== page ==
We thereby have to face thatin the span of half a millennium from 750 to 1250 European intellectual life had been hopelessly inferior tothe Islamic culture of knowledge and science. For many centuries, the medieval Arabian science culture outshone its European counterpart on scientific and technological (and thus civil) progress. But it thereby did not give birth to the methodology of modern science. This did not happen before the year 1600 in the formerly so backward Europe. And the further this process developed the more the Arab societies fell back, first in knowledge and then, increasingly in socio-cultural aspects. We see ourselves thus confronted with a prominent question: Why did the scientific revolution emerge in Europe, and not in theIslamic culture which during the medieval era had been so much more highly developed? And exactly here we stumble over a specific aspect of Christian thought, as an answer to this question can be found in the Islamic culture – in contrast to the European-Christian thinking –having developedonly a comparatively weak integrative approach inits philosophical thinking onnature. The Arab-Islamic thought had never settled on a convincing synthesis between (Greek embossed)philosophical rationality and a (Christian embossed) ideology of religious revelation, as the West had in late antiquity and the early Medieval Ages. Thus the Middle Eastern researchers lacked a clear-cut holistic concept of nature as Christian Middle Ages possessed one in the stronghold of the Athenian-Platonic philosophy. In form of a firm belief in a Creator God the latter wouldeventually become the essential intellectual power of the scientific revolution in the early 17th century (which inturnenabled the rise of the Enlightenment). In other words, the big idea of the West was the idea of an imminent order in nature, whose structure can be detected by the conceptual and rational means available to man- even though their justifying principles were based in the transcendence.
This does not lack irony which continues to shape today’s public debate: It is precisely the – compared to Islamic philosophy – significantly less developed separation of thought and religion and the spiritual proximity of the immanent and the transcendent world in Western thought which were the key drivers which eventually enabled the European-Christian-Jewish intellectual tradition to shape the development of modern scientific methodology in the early 17th century. Part of this irony is that in this Christian Europeduring the previous 1200 years any scientific thinking in the modern sense had been largely suppressed by the Catholic Christian church with its orthodox belief system and its persisting skepticism and resistance against empirical research. By prohibiting any skeptical and materialist thinking already in the early medieval Ages(best expressed in the dissolution of the Athenian Philosophical Academy in 529 C.E.), the church abandoned any form of a naturalistic theory of the world, as they had already been developed in differentiated forms in antiquity for almost a millennium. Even the religious and intellectual passion of scholasticism in the 13th century was rigidly connected to the logical deductive method of Aristotle and a worldview that sufficiently followed corresponding theological principles. This is despite that the philosophical basis for the development of scientific methods with the combination of the idea of an immanence of natural processes and the simultaneous belief in underlying transcendent principles of the natural order had already been created. And it was this combination, which was finally to establish the appropriate intellectual and motivational framework for rationally describing the world on the basis of an empirical method, to describe it with one word, to „scientifically“ assess the world.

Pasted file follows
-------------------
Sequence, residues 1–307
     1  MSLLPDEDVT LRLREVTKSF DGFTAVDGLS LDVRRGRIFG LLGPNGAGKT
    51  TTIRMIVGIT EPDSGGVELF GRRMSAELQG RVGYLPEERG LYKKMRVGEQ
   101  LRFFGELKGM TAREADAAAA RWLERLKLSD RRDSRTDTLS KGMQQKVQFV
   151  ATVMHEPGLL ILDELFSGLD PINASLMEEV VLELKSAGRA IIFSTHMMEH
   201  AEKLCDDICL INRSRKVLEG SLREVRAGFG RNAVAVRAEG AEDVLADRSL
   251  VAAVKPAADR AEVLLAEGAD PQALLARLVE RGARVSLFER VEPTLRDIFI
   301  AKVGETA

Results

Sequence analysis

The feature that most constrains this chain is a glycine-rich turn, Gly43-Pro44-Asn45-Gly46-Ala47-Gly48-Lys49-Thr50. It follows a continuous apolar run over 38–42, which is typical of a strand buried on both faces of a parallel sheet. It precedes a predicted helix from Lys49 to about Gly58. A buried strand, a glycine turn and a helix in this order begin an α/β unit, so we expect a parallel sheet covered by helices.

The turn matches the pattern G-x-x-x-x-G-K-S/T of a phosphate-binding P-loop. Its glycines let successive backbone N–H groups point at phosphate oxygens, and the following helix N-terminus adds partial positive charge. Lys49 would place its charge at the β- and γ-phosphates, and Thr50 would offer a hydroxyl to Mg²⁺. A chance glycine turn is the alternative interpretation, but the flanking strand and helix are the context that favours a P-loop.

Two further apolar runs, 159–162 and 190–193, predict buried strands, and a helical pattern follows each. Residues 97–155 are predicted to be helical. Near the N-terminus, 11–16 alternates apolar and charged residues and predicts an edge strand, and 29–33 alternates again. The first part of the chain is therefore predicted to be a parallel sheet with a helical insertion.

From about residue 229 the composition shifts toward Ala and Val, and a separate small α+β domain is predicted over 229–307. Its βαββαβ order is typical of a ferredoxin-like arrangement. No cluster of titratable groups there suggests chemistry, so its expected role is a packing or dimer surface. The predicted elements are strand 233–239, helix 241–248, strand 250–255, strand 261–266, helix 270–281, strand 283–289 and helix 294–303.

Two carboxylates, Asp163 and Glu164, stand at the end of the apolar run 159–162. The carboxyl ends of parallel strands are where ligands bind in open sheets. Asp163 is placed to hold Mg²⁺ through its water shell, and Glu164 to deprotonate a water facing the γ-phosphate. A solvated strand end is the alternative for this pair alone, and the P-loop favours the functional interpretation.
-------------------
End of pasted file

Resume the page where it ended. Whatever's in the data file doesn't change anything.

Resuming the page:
Thus, about 350 years after scholasticism,driven by a comparable religious passion men like Johannes Kepler (who spoke of his own „holy rage“) were to search for the underlying laws of bodily motions and the „beauty of God’s creation”expressedtherein. So we see here, at the beginning of modern thought on the nature, that the conditions of the possibility of a scientific thinking about nature was the Aristotelian-Christian separation of the spheres between earthly natural causality and transcendent divinity, that successful scientific research initially was not to be separated from the belief in the transcendence anchored in Christian theology. The consideration of this dependence in the thinking of Copernicus, Galileo, Kepler, and Newton from the Christian faith is ultimately much more useful than the clumsy historical populism we hear all too often from representatives of the Church. The subject deserves more.